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Tuesday, June 1, 1999 Published at 16:15 GMT 17:15 UK


Health

Obesity drug does keep you slim

Xenical can help people stay slim

Orlistat, a drug that has been hailed as Viagra for the obese, has been given the thumbs up by researchers who carried out the the first long-term study into its effect.

The drug was shown to help successful dieters keep weight off in a study published in the American Journal of Clinical Nutrition.

After losing eight per cent of their body weight over six months without the help of the drug, patients taking orlistat regained only around half the weight in the following six months compared to those carrying on without it.

In addition, the orlistat group showed a greater reduction in cholesterol than those not taking the drug.

However, AJCN Editor-in-Chief Charles Halstead said the results did not herald the arrival of a solution for obesity.

He wrote: "One must question why, after one year of treatment, three fourths of patients had begun the relentless process of weight regain."

Orlistat is marketed in the UK as Xenical. Manufacturers Roche Products believe it could be suitable for more than 15% of the UK population.

The drug works by blocking the absorption of fat in the gut and should be taken as part of a low-fat diet.

If people taking it eat a fatty diet, they experience a bloated and painful stomach and oily diarrhoea.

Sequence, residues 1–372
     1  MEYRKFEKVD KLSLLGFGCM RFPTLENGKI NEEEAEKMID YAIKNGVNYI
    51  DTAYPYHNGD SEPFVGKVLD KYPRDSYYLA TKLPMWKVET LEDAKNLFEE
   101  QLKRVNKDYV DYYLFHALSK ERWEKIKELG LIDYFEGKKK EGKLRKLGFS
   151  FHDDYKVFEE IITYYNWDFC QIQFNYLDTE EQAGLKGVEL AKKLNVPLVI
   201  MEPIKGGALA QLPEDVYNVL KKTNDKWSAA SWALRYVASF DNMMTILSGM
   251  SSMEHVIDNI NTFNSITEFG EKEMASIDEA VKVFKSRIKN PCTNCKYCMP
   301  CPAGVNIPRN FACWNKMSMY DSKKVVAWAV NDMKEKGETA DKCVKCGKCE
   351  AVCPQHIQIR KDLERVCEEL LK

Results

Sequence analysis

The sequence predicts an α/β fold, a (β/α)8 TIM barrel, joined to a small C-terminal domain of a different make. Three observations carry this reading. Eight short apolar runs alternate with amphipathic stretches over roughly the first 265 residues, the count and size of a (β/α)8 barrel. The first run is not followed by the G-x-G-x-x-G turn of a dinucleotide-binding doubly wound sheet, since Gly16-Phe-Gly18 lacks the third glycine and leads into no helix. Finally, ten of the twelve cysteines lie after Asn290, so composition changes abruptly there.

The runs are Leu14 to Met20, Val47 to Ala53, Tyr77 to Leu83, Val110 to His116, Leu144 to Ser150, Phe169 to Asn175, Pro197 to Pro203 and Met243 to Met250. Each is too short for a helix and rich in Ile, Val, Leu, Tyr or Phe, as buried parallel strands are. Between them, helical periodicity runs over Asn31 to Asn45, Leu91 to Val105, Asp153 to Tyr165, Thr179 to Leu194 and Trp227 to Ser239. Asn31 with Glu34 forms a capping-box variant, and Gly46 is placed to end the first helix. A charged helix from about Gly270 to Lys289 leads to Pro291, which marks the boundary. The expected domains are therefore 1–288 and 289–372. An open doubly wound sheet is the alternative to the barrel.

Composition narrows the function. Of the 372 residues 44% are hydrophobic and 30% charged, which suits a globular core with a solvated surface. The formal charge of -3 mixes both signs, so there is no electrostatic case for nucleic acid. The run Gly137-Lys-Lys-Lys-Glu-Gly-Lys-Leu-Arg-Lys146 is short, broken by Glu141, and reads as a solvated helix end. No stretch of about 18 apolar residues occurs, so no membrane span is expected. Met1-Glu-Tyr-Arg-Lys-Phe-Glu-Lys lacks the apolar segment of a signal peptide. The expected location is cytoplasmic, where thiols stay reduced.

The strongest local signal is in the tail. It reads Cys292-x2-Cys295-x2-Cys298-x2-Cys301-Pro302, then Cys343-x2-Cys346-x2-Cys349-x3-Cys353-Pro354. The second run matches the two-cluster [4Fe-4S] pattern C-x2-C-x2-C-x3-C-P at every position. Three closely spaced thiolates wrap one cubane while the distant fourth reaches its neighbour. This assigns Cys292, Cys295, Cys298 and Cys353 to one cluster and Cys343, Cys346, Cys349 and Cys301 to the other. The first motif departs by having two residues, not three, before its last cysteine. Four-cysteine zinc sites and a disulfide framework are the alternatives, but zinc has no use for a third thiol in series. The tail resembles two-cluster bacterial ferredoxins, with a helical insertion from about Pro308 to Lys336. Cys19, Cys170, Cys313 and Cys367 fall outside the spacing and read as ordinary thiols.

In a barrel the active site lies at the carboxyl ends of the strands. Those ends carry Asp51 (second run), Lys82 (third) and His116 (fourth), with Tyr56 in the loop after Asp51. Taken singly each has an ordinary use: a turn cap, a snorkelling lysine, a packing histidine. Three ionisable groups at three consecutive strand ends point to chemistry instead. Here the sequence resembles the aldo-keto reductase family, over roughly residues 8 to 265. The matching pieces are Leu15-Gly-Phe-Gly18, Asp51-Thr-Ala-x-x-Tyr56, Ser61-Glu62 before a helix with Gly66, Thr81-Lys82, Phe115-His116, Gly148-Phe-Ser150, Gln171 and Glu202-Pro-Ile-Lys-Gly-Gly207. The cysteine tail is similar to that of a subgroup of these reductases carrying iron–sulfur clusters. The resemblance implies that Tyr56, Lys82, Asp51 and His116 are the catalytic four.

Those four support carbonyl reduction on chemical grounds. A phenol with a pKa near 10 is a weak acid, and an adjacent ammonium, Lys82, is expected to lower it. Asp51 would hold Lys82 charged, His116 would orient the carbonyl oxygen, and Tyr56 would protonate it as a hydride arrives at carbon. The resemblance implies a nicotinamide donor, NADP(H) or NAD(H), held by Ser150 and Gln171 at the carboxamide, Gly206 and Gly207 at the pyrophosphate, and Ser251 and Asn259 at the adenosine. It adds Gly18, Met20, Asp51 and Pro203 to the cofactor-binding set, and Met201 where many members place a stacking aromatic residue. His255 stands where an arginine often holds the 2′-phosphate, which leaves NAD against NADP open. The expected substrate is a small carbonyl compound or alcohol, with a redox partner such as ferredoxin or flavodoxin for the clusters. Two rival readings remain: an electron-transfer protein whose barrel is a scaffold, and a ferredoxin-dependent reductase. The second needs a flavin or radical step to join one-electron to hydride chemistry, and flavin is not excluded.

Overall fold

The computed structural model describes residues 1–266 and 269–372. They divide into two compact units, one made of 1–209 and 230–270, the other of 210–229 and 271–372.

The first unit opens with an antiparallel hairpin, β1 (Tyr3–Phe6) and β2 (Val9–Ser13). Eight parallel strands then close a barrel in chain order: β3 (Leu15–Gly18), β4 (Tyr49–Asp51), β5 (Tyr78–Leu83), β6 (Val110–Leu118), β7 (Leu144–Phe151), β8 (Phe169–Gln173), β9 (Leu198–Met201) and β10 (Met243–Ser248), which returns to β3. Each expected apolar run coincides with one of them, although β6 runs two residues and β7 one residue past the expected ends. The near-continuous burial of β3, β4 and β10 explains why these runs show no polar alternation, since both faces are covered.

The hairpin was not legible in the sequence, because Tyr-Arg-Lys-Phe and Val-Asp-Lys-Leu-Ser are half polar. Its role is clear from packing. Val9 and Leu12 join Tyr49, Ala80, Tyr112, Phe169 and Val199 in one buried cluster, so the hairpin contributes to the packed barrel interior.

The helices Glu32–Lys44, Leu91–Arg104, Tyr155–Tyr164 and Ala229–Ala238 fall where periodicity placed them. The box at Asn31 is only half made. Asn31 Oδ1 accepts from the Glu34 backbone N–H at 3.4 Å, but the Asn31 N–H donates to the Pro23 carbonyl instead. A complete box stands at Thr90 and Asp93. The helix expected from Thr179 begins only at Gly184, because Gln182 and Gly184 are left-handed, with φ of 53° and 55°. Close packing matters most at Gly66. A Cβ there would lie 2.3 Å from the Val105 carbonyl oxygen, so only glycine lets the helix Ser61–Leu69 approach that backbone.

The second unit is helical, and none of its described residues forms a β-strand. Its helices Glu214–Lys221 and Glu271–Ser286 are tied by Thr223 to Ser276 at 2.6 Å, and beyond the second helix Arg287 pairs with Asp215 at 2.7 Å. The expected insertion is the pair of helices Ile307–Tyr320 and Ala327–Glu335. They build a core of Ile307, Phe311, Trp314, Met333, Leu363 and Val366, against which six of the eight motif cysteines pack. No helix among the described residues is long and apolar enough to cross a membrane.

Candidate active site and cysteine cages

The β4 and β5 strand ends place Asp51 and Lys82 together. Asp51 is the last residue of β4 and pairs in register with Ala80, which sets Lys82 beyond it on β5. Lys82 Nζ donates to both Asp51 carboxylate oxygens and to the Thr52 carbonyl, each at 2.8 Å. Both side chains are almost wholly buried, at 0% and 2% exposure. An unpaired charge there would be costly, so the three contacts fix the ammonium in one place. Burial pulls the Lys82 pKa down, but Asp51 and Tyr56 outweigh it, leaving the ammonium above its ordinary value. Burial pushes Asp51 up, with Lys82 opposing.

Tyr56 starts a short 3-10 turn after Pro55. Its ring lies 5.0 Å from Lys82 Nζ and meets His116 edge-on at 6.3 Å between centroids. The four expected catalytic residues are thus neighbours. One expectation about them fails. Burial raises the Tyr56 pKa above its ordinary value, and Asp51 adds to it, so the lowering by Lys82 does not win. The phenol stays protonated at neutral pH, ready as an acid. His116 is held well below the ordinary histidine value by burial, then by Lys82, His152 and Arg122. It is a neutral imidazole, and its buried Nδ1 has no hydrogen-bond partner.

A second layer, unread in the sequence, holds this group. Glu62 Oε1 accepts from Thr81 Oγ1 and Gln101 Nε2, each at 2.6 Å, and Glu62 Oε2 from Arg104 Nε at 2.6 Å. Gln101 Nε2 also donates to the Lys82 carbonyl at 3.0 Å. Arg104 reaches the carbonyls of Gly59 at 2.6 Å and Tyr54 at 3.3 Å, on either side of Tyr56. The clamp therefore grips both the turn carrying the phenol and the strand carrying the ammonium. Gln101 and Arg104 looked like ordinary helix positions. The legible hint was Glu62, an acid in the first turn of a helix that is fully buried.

Patients given Xenical have been shown to lose an average of 10% in body weight over a year, compared with a 6% loss for those who only follow a low-fat diet.

Resource fears


[ image: More than 15 per cent of people could be suitable for the drug]
More than 15 per cent of people could be suitable for the drug
The Royal College of Physicians issued tough guidance on the prescription of obesity drugs earlier this year.

Under RCP guidelines overweight patients will only be prescribed drugs such as Xenical as a last resort if diet and exercise changes have failed..

The guidelines stipulate that treatment should be stopped if the patient does not lose 5% of their weight within three months.

The guidance followed concerns that huge demand for Xenical would drain NHS resources.

Conversely, some doctors were also concerned that health authorities tended to view obesity as a self-inflicted problem and were reluctant to pay for its treatment.

The Obesity Resource Information Centre (ORIC) has warned that some patients lose more weight than others on Xenical.

The ORIC stressed that Xenical is not a miracle cure and should only be used as part of a weight management programme.

Obese people are defined as those whose weight in kilos divided by their height in metres squared is over 30. This measurement is known as the Body Mass Index.

Xenical is likely to be available to people with a BMI of over 28, provided they have other associated risk factors such as diabetes.



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Internet Links


American Journal of Clinical Nutrition

Orlistat

Obesity

Obesity and weight control


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